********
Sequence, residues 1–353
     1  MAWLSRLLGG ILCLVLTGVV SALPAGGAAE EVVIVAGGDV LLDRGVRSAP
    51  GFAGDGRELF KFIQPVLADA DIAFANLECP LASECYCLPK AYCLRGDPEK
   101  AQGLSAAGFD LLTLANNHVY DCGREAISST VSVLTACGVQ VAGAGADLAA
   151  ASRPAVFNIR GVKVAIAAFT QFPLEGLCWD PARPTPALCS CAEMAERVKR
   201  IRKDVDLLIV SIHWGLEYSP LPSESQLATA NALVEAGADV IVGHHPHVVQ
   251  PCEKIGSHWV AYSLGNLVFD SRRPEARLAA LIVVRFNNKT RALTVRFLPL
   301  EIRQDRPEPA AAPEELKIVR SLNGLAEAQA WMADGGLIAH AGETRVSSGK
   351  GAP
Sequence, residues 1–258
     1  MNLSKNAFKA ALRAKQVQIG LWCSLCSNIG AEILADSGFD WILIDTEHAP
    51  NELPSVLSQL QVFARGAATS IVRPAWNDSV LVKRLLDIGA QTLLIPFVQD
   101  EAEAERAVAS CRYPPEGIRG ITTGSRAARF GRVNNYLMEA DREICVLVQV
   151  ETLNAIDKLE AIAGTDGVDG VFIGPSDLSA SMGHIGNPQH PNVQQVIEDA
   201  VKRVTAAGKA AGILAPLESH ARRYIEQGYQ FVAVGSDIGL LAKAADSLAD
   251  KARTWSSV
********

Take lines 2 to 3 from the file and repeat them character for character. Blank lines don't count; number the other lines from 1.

     1  MAWLSRLLGG ILCLVLTGVV SALPAGGAAE EVVIVAGGDV LLDRGVRSAP
    51  GFAGDGRELF KFIQPVLADA DIAFANLECP LASECYCLPK AYCLRGDPEK